The Estadio Municipal de Butarque is a multi-use stadium located in Leganés, Community of Madrid, Spain. It is currently used for football matches and is the home stadium of CD Leganés.
The name of the stadium comes from Our Lady of Butarque, the patron saint of Leganés. The stadium was built between 1997 and 1998 with the aim to replace the old field in the city, the Estadio Luis Rodríguez de Miguel.
Estadio Municipal Butarque was built in 1998 to replace Leganes’ old Estadio Luis Rodríguez de Miguel. The stadium officially opened on 14 February 1998 with a league match between Leganes and Jerez (1-1).
The stadium is named of the local patron of the city of Leganes, Nuestra Senora de Butarque. Estadio Municipal Butarque could initially hold 8,138 seats, but this was expanded to 10,958 following the club’s promotion to La Liga in 2016.
Away fans get a flavour of the local passion here with an allocated sector, Zona Visitante, right up next to the Fondo Sur, accessed through gate 9.
Estadio Municipal Butarque is in an area that’s a mix of mostly new developments including other sports facilities, educational institutes, a shopping centre, and residential housing. It’s a quiet area with little around in terms of eating and drinking, which is better done in Leganes’ city centre or central Madrid.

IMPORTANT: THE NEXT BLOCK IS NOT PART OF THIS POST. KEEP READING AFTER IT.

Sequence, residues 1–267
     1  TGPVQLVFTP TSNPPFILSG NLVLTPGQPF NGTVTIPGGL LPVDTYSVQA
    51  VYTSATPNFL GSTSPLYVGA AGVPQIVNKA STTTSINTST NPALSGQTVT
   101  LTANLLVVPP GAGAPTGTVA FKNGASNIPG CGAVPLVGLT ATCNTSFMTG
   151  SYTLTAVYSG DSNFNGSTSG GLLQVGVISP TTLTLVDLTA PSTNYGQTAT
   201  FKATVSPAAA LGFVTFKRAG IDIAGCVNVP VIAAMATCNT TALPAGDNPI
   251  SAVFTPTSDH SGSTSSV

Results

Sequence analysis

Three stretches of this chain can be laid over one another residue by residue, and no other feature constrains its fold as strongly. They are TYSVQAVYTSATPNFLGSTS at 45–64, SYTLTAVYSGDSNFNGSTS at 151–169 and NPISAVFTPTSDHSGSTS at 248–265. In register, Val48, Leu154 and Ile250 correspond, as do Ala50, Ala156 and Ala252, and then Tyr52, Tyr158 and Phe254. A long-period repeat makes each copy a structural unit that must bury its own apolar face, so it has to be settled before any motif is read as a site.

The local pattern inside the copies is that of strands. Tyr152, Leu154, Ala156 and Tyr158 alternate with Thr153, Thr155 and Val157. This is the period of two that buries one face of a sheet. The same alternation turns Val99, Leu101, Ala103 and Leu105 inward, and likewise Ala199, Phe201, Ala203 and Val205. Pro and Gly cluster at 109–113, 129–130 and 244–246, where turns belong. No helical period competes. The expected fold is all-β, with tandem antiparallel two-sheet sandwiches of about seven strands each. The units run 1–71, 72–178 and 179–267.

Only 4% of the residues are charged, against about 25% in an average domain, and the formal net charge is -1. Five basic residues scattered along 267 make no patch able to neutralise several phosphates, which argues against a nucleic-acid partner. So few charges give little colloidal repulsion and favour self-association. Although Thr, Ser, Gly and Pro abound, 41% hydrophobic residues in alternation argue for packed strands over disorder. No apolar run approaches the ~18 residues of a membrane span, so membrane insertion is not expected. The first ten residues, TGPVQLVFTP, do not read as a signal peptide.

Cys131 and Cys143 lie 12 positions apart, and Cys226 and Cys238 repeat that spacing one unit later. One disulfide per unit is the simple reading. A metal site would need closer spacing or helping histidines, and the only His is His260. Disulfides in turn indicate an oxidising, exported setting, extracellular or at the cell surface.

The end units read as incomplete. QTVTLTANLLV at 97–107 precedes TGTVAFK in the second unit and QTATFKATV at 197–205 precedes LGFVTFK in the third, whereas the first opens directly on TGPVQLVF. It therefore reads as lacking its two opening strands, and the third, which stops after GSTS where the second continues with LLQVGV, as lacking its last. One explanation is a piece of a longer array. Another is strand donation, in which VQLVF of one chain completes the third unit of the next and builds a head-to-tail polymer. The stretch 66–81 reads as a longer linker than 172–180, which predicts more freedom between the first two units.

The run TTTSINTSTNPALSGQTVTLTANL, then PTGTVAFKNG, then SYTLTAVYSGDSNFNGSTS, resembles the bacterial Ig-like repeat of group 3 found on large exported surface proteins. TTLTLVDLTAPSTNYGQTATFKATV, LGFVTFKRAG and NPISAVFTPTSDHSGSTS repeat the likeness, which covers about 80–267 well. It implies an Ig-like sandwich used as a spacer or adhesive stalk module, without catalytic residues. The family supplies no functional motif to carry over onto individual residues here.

Estadio Municipal Butarque is in the small city of Leganes, which is part of the greater Madrid metropolitan area. The stadium lies about 1.5 kilometres north of Leganes’ centre, while it’s about 10 kilometres to central Madrid, which lies further north.
The stadium can be reached by either train or metro. Take train (Cercania) line C-5 from Atocha railway station in the direction of Fuenlabrada or Humanes and get off at either Zarzaquemada (10-minute walk) or Leganes (15-minute walk) station. The journey takes about 25 minutes, trains run every 10 minutes.
Alternatively, one can take a metro to Leganes Central station, which is on line 12 (southern loop). From central Madrid a change is required at Puerta del Sur station, which is the last stop on line 10 that runs past Plaza de Espana and the northern part of central Madrid. The journey takes a lot longer than by train, roughly 50 minutes from Plaza de Espana.
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